[QUIZ] Checking Credit Cards (#122)


#1

I was trying to go for “most compact and obfuscated version of the
Luhn algorithm”, but unfortunately the complications of the algorithm
meant that I had to debug my implementation, which left it slightly
more readable. Oh well. It’s still pretty dense and while my type
method might be readable it’s as dense as I care to make it.

#!ruby -x
def type(s)
case s.gsub(/\D/,’’)
when /^(?=34).{15}$/; “AMEX”
when /^(?=37).{15}$/; “AMEX”
when /^(?=6011).{16}$/; “Discover”
when /^(?=5[1-5]).{16}$/; “MasterCard”
when /^(?=4).{13}(…)?$/; “Visa”
else ; “Unknown”
end
end

def luhn(s)
s.scan(/\d/).inject([0,0]){|(a,b),c|[b+c.to_i, a+c.to_i*2%9+(c==‘9’ ? 9 : 0)]}[0]%10 == 0
end

s = ARGV.join
puts “#{type(s)} #{luhn(s)?‘V’:‘Inv’}alid”

END


#2

My submission is pastied here:

http://pastie.caboo.se/57536

and pasted below. I tried to come up with a solution that would allow
easy manipulation of the list of credit card providers.

  • donald

Ruby Q. 123

Donald B.

version 1.0

require ‘enumerator’

class Integer
def digits
self.to_s.scan(/\d/).map{|n| n.to_i}
end

def sum_digits
digits.inject{|sum, n| sum + n}
end

def luhn
digits.reverse.enum_slice(2).inject(0) do |sum, sl|
sum + sl[0].sum_digits + (sl.length == 2 ? (2*sl[1]).sum_digits :
0)
end
end

def luhn?
luhn % 10 == 0
end
end

module Credit
class Provider
attr_reader :name

def initialize(name, pattern)
  @name = name
  @pattern = pattern
end

def valid?(number)
  @pattern.match(number)
end

def to_s
  @name
end

end

Providers = []
Providers << Provider.new(‘AMEX’, /^(34|37)\d{13}$/)
Providers << Provider.new(‘Discover’, /^6011\d{12}$/)
Providers << Provider.new(‘MasterCard’, /^5(1|2|3|4|5)\d{14}$/)
Providers << Provider.new(‘Visa’, /^4(\d{12}|\d{15})$/)

class Card
attr_reader :number

def initialize(number)
  if number.is_a? Integer
    @number = number
  elsif number.is_a? String
    @number = number.gsub(/\s/, '').to_i
  else
    raise InvalidArgument, number
  end
end
def provider
  Providers.each do |provider|
    return provider if provider.valid?(@number.to_s)
  end
  return 'Unknown'
end
def valid?
  @number.luhn?
end
def to_s
  @number.to_s
end

end
end

card = Credit::Card.new(ARGV[0])
puts card.provider.to_s << ’ ’ << (card.valid? ? ‘valid’ : ‘invalid’)


#3

On Thursday 30 May 2002, Jeff Gray wrote:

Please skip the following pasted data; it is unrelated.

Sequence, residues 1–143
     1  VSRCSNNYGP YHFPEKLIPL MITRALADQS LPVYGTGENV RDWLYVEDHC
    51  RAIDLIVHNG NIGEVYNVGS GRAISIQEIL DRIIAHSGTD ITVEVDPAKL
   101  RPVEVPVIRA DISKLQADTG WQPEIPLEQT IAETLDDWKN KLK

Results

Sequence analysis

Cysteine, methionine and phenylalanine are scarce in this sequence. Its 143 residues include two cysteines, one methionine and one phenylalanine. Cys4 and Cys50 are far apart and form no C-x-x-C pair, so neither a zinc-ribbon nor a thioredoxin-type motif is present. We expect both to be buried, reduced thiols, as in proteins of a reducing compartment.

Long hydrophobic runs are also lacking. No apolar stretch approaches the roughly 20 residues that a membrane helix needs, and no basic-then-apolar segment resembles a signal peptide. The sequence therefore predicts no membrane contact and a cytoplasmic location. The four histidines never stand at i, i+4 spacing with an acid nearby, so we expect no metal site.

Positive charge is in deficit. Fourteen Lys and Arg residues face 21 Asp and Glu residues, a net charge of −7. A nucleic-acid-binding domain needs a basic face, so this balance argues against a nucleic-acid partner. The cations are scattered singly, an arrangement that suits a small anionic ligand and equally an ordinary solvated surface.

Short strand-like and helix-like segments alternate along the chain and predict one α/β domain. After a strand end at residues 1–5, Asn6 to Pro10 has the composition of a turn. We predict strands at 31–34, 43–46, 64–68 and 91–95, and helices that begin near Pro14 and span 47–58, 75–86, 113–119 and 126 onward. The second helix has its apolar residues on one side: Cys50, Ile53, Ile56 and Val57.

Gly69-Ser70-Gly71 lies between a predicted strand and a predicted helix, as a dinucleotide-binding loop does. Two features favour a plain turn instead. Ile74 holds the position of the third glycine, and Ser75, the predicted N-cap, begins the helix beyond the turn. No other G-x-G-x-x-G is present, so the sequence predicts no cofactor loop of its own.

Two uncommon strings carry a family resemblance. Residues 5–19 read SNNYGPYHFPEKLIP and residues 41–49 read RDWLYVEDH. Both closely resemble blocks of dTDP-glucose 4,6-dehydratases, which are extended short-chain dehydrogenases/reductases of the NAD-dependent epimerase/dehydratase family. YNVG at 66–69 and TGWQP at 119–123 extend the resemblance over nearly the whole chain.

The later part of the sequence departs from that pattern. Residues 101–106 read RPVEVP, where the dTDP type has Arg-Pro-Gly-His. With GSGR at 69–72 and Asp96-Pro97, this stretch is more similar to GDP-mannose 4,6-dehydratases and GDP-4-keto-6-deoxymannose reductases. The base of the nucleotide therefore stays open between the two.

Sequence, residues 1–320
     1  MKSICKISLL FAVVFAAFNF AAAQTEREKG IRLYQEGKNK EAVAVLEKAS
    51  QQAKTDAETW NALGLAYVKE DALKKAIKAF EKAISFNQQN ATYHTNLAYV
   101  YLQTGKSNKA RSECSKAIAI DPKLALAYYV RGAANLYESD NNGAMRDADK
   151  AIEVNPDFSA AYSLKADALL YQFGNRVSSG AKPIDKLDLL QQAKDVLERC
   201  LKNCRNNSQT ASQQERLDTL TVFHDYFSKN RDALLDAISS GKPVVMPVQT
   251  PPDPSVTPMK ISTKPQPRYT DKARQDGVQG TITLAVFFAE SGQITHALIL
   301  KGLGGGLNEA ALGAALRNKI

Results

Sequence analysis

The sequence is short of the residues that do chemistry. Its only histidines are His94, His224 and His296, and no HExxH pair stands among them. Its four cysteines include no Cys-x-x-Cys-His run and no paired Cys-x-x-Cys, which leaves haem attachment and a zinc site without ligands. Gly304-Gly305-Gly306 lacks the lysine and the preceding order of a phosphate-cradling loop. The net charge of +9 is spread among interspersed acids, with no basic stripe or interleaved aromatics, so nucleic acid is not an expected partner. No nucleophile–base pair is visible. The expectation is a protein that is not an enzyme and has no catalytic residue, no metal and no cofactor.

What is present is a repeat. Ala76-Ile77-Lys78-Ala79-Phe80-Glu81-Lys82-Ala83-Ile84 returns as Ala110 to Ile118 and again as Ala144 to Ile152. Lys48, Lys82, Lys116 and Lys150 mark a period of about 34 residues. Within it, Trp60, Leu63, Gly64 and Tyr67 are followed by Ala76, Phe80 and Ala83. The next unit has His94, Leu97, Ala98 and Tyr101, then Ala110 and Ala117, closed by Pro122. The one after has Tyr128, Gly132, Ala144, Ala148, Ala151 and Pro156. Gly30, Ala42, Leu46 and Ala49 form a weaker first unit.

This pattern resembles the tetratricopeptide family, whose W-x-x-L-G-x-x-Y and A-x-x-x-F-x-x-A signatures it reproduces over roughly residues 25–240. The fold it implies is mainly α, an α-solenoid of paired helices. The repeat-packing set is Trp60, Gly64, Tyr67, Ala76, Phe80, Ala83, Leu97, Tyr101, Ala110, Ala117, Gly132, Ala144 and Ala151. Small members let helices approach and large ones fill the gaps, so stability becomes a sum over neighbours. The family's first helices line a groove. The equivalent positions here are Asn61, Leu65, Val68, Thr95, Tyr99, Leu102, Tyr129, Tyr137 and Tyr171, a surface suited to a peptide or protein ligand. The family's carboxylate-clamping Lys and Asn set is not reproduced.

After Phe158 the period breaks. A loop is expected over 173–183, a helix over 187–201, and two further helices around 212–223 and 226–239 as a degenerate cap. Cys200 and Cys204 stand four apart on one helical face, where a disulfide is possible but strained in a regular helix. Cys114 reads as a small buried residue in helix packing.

to the ‘method=’ style of method naming. For example, you could define a
(Simply removing the ‘=’ from the method name allows the second case to
work.) I couldn’t find anything in the pickaxe book or in ruby-talk
archives about this restriction. I’m on Ruby version 1.6.5 – has this
behavior changed in later versions, or is it a permanent trait of Ruby
syntax?

Thanks,

  • jeff

Also consider the test case below, where a method with = in its name
always returns the value passed to it. This is really frustrating, as I
want to use = in method names as syntactic sugar but can’t because the
methods don’t behave like they’re supposed to.
Is this a bug or a “feature”?

This script:

class TestClass
def test=(number)
# 42 is the answer to life the universe and everything.
42
end
def test(number)
# 42 is the answer to life the universe and everything.
42
end
end

test = TestClass.new

puts ‘With the = in the method name:’
puts test.test=7
puts test.test=(“Doesn’t work with parentheses either.”)
puts test.test=[1,2,3,“Arrays are cool!”]

puts ‘And without:’
puts test.test(7)
puts test.test(“Doesn’t work with parentheses either.”)
puts test.test([1,2,3,“Arrays are cool!”])

Produces output:

With the = in the method name:
7
Doesn’t work with parentheses either.
1
2
3
Arrays are cool!
And without:
42
42
42


#4

Daniel M. removed_email_address@domain.invalid writes:

I was trying to go for “most compact and obfuscated version of the
Luhn algorithm”, but unfortunately the complications of the algorithm
meant that I had to debug my implementation, which left it slightly
more readable. Oh well. It’s still pretty dense and while my type